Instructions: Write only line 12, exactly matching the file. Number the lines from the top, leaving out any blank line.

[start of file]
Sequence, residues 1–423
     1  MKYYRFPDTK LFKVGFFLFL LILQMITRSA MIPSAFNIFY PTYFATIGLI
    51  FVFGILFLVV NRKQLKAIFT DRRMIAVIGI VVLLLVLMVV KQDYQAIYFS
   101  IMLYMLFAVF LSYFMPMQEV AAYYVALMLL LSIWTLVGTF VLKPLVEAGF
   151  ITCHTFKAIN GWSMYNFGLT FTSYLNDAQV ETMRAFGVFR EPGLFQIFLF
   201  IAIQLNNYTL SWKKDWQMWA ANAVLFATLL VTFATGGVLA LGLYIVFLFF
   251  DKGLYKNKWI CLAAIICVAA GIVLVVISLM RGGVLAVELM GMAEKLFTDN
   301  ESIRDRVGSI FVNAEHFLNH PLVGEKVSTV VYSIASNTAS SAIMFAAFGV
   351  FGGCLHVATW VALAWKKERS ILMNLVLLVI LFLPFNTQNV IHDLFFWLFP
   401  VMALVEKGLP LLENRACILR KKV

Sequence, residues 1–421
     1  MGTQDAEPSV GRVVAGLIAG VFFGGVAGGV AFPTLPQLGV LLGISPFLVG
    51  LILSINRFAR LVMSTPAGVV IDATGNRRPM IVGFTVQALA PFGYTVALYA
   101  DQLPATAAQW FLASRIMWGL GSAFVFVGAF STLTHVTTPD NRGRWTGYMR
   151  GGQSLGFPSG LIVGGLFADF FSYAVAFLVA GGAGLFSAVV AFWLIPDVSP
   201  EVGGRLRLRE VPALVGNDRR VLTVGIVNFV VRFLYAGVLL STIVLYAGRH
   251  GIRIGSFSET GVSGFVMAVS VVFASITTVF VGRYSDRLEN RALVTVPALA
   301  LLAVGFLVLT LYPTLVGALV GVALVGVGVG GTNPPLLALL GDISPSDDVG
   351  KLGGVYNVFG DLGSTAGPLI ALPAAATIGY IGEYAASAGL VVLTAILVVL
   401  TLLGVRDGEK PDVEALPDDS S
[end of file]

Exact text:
     1  MGTQDAEPSV GRVVAGLIAG VFFGGVAGGV AFPTLPQLGV LLGISPFLVG